For more than a decade, Ahmad Noorani was an investigative journalist in Islamabad, Pakistan, working for the News International, one of the largest English-language newspapers in the country. He covered stories on tax evasion by the family of Imran Khan, Pakistan’s former prime minister; government agencies involved in fraudulent activities; real estate scandals; and other subjects few reporters would touch. Today, on the surface, his work is much the same—in 2020, he launched Fact Focus, a site where he publishes data-driven investigative pieces—except that he is in exile in the United States after being subjected to repeated attacks, both verbal and physical, from government officials and people he believes were hired on their behalf.
Noorani, who is forty-four and soft-spoken, with a square jaw and a well-groomed mustache, now writes about Pakistan as an outsider. In the years before he left, he received a threatening call from the Inter-Services Intelligence, Pakistan’s elite spy agency; he was beaten in the street; the government publicly condemned him for being “disrespectful”; he was fired from his job. Once he resettled abroad, he’d hoped to get back to working with media outlets in Pakistan, and perhaps to mentor young journalists there, creating a network for investigative reporters. But he has found himself limited. “Most media owners want to shy off from someone who is not liked by the military,” he said. “Your colleagues might support you, but if your employer feels intimidated, they would not want to work with you.”
With Fact Focus—which he got off the ground through a combination of savings and a GoFundMe, and now survives on subscriptions and donations—Noorani’s circle is smaller, mostly comprising reporters who are also at odds with authorities, but who remain in Pakistan. “When journalists face intimidation or are fired from their work, they reach out to me and we come up with ways in which we can work together on my news platform,” he said. Fact Focus has seven contributors; Noorani does what he can to fund their reporting, though there isn’t much money to go around. Sometimes, his colleagues volunteer their services—helping with research, verifying leaked documents. Stories have reported on the private businesses run by Pakistan’s army, the cushy retirement plans of military officials, and the unsavory details of politicians’ tax returns. “We are hoping that our good and big stories will convince people to contribute more,” he said. “There is no trend in Pakistan to finance the news initiatives. So I’m not very much clear on how this will go, but I am hopeful.”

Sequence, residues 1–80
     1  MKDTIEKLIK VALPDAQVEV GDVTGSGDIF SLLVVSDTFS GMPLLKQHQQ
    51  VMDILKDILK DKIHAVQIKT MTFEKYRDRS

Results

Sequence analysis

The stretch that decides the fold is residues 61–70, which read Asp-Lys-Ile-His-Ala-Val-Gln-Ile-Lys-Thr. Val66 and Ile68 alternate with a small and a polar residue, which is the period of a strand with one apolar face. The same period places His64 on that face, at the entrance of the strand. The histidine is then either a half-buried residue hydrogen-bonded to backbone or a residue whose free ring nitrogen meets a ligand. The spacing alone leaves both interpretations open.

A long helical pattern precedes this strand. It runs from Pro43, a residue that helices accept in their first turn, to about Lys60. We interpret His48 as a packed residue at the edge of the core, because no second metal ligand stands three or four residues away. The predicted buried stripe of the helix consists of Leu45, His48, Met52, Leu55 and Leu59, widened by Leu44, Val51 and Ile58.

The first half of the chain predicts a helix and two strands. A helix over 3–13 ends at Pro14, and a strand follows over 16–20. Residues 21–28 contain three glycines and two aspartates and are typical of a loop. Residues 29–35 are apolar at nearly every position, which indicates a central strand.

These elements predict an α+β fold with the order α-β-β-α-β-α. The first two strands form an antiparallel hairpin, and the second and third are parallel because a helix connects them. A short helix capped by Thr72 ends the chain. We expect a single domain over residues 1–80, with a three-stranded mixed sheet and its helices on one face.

Still, he said, “I don’t publish as much as I would love to.” Coming to terms with the risks that his work has placed on his family—his wife and children remain in Pakistan—has meant sacrificing some of his ambition. “My drive for things I used to enjoy waned,” Noorani said. He’s struggled to adjust to life in the US, which is often lonely, and he has never felt completely safe: “You are always watching your back.”
Authoritarian leaders routinely test reporters’ resolve; according to Reporters Without Borders, Pakistan is one of the world’s deadliest countries for journalists. Media outlets operate independently, but rely on state funding, and the material they publish is highly regulated. A vaguely worded Protection of Journalists and Media Professionals Act, enacted in 2021, prescribes reportorial “conduct”; violators are subject to criminal prosecution. Daniel Bastard, the head of the Asia-Pacific desk at Reporters Without Borders, described constant harassment of media professionals, who frequently resort to self-censorship. “When you are prosecuted, abducted, beaten, threatened to death because of a story you published or broadcast,” he said, “you become terribly aware of the risks you take in covering other sensitive subjects.”
Noorani had received warnings for years: bureaucrats would tell him to stop reporting, threatening to harm him and his family; people he believed to be affiliated with the government would knock on the door of his house and pelt his car with stones. “It was almost like I was being followed everywhere,” he said. At one point, he hired a driver to take him out and follow some leads, and the car was ambushed by a group on motorcycles. “Suddenly, I was surrounded by around seven men who were armed.” They demanded that he stop writing about the military. “They started raining blows on me,” he recalled. “I fell down. I thought I was going to die.” The men struck him with iron rods—in a coordinated manner that suggested army training—then sped away. Noorani lost consciousness. To his good fortune, passersby picked him up and took him to a hospital. “I had survived, but I was sure they would come for me again,” he said.
These days, Noorani worries that his relevance back home has diminished. “I try my best to follow stories from here in the US, but it is not the same,” he said. “As an investigative reporter, it is much easier when you are on the ground and have an easier access to sources who you can observe.” Still, he made waves last fall when he published an exposé about the wealth accumulated by Qamar Bajwa, Pakistan’s army chief. The government of Pakistan responded by blocking Fact Focus and filing a case against Noorani for illegally accessing documents. “There are people within the tax office who were arrested and wrongfully accused of leaking the data to me,” he said. As much as he would love to go home, he added, he’s too afraid: “If I return to Pakistan, they will not hesitate to lock me in—or do something worse.”Mercy Tonnia Orengo is a CJR fellow.